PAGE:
The Nationals are off Tuesday, the lone off-day of spring training
VIERA, Fla. — Wilson Ramos knows he has played only seven games since he underwent Lasik surgery to correct his vision. But despite the small sample size, the catcher believes the procedure has already made a noticeable impact. Earlier in the week, sitting at his locker halfway across the clubhouse, he pointed to the bulletin board with daily schedules and proclaimed that he could see that now when he couldn’t before. He smiled broadly.
Crouched behind the plate, Ramos said he is seeing pitches better. In the batter’s box, the 28-year-old said the same is happening. He can more clearly see the difference between curveballs, change-ups and sliders now, and any split second improvement in vision can mean the difference between striking out and taking a pitch.
Ramos insists that his 6 for 18 with two home runs — including a solo shot he added Monday — and only three strikeouts is a direct result of the improvement in his eyesight.
“I can see the difference now,” he said after Monday’s game. “I can recognize the pitch well and not swing at bad pitches. That make [me] feel comfortable and excited because before I was swinging at everything, balls or strikes. I was feeling very mad sometimes because I’d say, ‘That’s a very bad pitch. Why am I swinging?’ Now I feel more comfortable at the plate. I know it’s [seven] games after surgery but I can see the difference. I feel more comfortable.”
Ramos had his healthiest season in years in 2015, but his offense cratered with more playing time. He posted his worst offensive season, hitting .229 with 15 home runs, 68 RBI and a career-worst .616 OPS over 128 games. He also struck out 20 percent of his plate appearances, the highest mark of his six-year career. He is entering his walk year- and his potential final season in Nationals uniform — so his eyesight improvement comes at a fortuitous time.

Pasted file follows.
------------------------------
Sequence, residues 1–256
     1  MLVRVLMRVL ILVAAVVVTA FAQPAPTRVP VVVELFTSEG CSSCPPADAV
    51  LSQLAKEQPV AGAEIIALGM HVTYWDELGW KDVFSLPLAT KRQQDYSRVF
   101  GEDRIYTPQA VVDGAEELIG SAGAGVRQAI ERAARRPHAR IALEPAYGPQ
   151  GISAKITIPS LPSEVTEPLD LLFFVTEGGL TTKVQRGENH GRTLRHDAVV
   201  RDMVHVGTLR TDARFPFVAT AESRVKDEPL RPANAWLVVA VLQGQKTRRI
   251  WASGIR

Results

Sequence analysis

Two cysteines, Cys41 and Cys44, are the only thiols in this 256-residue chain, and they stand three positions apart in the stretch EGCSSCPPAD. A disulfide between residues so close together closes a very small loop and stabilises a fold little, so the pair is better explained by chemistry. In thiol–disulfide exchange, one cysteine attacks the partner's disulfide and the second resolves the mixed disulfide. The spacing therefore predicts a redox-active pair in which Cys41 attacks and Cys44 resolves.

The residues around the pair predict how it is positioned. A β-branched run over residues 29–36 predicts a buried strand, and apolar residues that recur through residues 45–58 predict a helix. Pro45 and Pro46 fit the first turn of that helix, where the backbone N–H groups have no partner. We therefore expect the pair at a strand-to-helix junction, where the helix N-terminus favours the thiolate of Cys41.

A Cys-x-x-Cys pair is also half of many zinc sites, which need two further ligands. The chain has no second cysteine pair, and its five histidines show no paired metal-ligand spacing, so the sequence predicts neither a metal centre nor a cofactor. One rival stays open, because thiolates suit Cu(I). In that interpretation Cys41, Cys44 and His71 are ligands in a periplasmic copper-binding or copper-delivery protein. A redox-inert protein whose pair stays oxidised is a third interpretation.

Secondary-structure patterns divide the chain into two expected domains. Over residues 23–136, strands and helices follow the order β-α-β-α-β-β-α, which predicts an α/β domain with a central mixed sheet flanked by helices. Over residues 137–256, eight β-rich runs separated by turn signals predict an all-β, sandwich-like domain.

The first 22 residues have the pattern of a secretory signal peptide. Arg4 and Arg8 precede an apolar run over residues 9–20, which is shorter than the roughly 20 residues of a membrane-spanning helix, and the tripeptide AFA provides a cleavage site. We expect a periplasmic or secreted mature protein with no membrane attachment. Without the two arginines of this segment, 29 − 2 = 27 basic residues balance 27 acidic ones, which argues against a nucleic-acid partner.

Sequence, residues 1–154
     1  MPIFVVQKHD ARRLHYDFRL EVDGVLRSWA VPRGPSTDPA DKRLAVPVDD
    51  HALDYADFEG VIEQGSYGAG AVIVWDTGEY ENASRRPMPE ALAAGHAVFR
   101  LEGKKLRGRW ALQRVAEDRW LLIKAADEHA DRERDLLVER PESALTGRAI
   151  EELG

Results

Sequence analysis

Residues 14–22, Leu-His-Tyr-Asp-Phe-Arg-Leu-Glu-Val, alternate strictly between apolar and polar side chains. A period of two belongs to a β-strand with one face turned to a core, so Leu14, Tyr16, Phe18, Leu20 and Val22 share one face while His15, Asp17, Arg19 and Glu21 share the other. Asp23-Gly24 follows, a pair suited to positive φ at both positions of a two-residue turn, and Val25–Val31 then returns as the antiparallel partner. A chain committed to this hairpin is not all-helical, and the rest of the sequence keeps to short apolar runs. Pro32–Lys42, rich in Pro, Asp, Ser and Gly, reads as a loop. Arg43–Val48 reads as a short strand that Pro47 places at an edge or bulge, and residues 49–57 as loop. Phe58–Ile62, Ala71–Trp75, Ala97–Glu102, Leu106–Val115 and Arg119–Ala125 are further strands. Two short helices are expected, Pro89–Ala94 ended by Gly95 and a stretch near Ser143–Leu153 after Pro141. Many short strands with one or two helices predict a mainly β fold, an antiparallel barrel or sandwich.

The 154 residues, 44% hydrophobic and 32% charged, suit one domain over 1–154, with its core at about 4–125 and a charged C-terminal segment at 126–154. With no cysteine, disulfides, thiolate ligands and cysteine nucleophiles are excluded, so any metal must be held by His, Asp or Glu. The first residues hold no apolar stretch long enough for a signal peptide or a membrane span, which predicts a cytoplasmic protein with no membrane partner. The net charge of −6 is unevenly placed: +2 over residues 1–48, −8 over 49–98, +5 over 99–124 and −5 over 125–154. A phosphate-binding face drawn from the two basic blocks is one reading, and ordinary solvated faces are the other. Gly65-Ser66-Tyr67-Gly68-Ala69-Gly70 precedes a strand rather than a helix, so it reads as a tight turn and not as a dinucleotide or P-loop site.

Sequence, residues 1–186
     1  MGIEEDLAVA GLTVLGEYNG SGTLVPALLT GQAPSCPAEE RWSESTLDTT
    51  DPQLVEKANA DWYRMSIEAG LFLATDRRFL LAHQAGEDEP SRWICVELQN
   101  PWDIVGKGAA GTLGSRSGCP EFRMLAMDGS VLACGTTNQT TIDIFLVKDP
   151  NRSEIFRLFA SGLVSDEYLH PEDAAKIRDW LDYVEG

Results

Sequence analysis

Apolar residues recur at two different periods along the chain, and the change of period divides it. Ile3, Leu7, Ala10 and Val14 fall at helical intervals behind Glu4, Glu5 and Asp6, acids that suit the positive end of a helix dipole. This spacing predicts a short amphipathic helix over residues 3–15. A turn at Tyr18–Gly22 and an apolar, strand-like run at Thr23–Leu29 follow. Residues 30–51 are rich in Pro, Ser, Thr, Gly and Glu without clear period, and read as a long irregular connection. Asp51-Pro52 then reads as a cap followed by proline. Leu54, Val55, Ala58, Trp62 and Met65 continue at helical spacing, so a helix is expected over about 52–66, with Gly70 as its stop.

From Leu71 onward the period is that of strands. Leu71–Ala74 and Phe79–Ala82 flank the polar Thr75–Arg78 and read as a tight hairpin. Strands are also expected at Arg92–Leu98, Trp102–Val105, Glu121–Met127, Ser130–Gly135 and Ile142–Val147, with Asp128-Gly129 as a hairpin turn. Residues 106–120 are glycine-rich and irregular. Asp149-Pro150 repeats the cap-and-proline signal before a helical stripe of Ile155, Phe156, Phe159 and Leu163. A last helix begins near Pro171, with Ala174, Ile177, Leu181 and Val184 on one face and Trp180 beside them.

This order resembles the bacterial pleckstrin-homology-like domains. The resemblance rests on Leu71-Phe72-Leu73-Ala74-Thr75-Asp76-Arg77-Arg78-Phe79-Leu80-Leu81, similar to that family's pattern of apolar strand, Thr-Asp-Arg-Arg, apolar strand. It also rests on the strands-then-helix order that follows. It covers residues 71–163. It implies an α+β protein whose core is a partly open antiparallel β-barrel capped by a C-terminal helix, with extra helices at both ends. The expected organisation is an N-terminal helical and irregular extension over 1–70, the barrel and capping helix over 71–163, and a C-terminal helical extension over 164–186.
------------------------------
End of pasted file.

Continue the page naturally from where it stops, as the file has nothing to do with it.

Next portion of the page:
“I feel more excited because now I feel amazing at the plate,” he said. “I can see the ball really really well. That help me to feel more confident at the plate. Just to swing at balls in the strike zone and not swing at bad pitches. I want to help my team. I want to do a better job than last year.”
On defense, Ramos said he is seeing the ball better, too. He had a strong defensive season, in some ways, last season so it wasn’t affecting him that.
Even then, “sometimes before, I lost the ball blinking,” Ramos said. “Sometimes I lost the ball. Now, it feels better. That’s amazing.”
In the offseason, Ramos trained even harder than ever for this season. He ate healthier and hired a trainer. He lost fat and added muscle. Two rival scouts noted that Ramos looks in better shape this spring. Before games started in spring training, Ramos went home and worked out even more. The successes — and especially the failures — of last season are driving him.
“Could be his eyes,” Manager Dusty Baker said. “Could be his weight. He’s in the best shape of his life. I don’t know if it’s his eyes or not but I know, if you can’t see, you can’t hit.”
DAYS UNTIL OPENING DAY: 13